Note For Anyone Writing About Me

Guide to Writing About Me

I am an Autistic person,not a person with autism. I am also not Aspergers. The diagnosis isn't even in the DSM anymore, and yes, I agree with the consolidation of all autistic spectrum stuff under one umbrella. I have other issues with the DSM.

I don't like Autism Speaks. I'm Disabled, not differently abled, and I am an Autistic activist. Self-advocate is true, but incomplete.

Citing My Posts

MLA: Zisk, Alyssa Hillary. "Post Title." Yes, That Too. Day Month Year of post. Web. Day Month Year of retrieval.

APA: Zisk, A. H. (Year Month Day of post.) Post Title. [Web log post]. Retrieved from

Saturday, September 28, 2013

The Little Things

Sometimes, activism means talking to the people and groups that have power now. Sometimes. Not always.
Sometimes, the day-to-day can make a huge difference. Maybe not in terms of systems, but in terms of something important clicking for one person. That's how change starts.

I want to talk about some of those things that happened.
My tutor and I were talking about computers. That's because the unit we're working on in Chinese is one about international business (whyyyyyyyyyyyyyyyyy.) He asked a bunch of good questions, getting me to think about stuff and answer in Chinese. That included things like what you would do for a computer getting used where it's really cold (the case should probably not be metal,) where it's hot (you need a better cooling fan,) and things like that. Then he asked a question that confused me. I remember hearing how when someone tells a sexist joke, one of the things you can do is to feign confusion and try to get them to eventually come out and say that it's funny because girls are *insert insult here.* Yeah, no. I was actually confused. He asked what changes might be needed to market a computer to girls. So I was confused. I said I didn't know what gender had to do with it, because I don't. He asked me what I use my computer for. I use it to do homework, surf the web, write stuff, and play games. I also use it to store documents. He said, "Oh," because that's pretty much the same stuff he does with his computer.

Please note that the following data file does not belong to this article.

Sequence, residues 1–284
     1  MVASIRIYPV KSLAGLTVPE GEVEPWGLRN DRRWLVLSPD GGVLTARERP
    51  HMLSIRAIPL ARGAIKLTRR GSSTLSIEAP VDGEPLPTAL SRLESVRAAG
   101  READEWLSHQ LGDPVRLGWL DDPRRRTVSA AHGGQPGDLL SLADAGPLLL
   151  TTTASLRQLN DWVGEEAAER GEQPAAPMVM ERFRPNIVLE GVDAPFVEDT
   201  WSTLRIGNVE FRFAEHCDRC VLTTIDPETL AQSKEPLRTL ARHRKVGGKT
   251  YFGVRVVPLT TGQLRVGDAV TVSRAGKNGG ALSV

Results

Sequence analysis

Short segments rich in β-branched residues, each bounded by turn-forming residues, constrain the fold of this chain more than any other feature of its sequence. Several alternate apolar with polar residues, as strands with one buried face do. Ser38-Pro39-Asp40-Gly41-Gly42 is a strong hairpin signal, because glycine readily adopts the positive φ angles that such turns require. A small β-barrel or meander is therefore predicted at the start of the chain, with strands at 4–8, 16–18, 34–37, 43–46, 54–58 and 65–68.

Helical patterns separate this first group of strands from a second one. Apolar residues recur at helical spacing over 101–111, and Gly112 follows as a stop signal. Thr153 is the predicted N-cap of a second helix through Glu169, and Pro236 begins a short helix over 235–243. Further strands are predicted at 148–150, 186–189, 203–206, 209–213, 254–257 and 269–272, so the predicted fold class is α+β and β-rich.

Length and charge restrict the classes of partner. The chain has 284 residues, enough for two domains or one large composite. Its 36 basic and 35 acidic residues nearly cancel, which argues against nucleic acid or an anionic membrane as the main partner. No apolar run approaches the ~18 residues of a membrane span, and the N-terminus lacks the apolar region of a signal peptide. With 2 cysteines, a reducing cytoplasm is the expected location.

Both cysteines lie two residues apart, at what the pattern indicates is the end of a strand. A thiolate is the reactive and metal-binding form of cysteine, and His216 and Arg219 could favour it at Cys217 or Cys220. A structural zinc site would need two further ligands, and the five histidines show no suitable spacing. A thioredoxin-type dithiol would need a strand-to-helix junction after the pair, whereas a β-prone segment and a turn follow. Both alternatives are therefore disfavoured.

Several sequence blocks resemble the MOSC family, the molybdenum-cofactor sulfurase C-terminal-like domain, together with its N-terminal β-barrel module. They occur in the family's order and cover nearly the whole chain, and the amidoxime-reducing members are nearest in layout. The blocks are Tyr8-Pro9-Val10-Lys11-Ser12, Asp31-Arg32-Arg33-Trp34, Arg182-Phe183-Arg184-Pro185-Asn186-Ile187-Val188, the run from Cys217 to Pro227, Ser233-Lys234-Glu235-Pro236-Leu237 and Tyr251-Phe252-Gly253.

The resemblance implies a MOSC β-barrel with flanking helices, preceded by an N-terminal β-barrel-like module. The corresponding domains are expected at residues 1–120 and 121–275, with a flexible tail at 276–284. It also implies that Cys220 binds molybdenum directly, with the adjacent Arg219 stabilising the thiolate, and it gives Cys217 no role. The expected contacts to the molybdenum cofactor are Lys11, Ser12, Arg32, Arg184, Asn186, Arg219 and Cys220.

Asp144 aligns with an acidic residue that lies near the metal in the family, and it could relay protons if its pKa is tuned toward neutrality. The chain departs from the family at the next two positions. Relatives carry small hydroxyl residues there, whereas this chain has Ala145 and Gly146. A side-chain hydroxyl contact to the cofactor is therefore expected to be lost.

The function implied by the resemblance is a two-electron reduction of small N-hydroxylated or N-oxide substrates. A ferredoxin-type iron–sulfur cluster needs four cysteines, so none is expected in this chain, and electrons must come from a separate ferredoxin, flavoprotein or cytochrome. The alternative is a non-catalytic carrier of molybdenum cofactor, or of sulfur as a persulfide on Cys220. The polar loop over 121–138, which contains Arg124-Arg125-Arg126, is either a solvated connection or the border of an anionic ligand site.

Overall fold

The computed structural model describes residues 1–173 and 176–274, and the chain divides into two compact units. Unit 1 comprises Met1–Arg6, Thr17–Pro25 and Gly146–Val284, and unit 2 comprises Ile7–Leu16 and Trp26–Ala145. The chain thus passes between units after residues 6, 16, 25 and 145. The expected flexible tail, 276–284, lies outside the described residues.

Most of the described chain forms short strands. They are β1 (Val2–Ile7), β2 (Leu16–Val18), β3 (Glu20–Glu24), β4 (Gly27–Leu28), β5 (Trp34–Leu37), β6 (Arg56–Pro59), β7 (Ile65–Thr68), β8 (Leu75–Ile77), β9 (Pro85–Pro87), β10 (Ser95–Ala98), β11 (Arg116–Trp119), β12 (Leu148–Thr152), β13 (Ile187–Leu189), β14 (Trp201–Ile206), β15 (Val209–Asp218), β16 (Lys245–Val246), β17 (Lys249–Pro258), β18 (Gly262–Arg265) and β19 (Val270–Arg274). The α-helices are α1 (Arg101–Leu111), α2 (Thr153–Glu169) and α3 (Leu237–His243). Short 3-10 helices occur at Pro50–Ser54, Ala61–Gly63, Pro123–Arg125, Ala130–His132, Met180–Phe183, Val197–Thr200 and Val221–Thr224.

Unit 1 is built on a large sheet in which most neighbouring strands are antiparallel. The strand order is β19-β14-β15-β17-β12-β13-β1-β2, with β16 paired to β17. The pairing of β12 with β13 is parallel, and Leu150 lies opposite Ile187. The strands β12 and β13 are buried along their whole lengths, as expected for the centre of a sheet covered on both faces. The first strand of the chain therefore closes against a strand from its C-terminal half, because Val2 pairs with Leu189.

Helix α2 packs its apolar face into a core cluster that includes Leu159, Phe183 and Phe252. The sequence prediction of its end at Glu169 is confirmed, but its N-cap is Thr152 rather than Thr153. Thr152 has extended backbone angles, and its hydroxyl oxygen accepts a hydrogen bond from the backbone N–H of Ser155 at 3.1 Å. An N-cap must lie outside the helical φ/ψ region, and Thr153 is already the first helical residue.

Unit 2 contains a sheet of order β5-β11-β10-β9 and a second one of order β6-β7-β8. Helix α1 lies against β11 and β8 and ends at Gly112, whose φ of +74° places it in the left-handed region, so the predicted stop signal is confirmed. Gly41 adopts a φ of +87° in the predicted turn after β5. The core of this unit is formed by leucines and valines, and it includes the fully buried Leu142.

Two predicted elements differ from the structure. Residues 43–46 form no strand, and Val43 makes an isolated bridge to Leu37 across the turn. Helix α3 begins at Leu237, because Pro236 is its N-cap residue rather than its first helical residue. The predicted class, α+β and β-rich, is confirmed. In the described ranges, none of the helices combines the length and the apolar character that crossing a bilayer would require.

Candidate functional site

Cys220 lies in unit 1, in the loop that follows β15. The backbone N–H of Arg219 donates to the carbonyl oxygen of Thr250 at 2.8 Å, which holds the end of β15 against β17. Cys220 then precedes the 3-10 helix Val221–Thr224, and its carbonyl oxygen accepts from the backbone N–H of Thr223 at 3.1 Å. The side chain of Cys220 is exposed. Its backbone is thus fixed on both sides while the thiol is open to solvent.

And rather than get annoyed at me for thinking that trying to market a computer to a gender wasn't the best idea and it'd be smarter to market it based on what people are going to do with it, he agreed that marketing based on use was smarter. Then he asked a different question. He asked what a person using their computer for art would want (my guess is a touch screen and high resolution.) He asked what someone using their computer for games would want (I don't need to guess- a good graphics/video card and a lot of memory!)
Little things: my tutor may well have one stereotype less. [He also now knows that the same computer can get used by the same person for both art and gaming.]
My roommate studies English. It's not her major (teaching Chinese as a second language is her major,) but it's a class she takes. She'd been looking for a book that's in English and uses fairly simple language. I handed her my contributor copy of Loud Hands: Autistic People Speaking. I told her I had a piece in it. 
She's reading it. And the first person she associates with "autism"? An adult. Specifically, me. I'm no more representative of the entire population of autistic people than any one person ever is, but she's actually going to know, first-hand, that autistic adults exist
Little things: my roommate is reading Loud Hands to practice her English.

1 comment:

  1. Changing the world, one person at a time. You rock!


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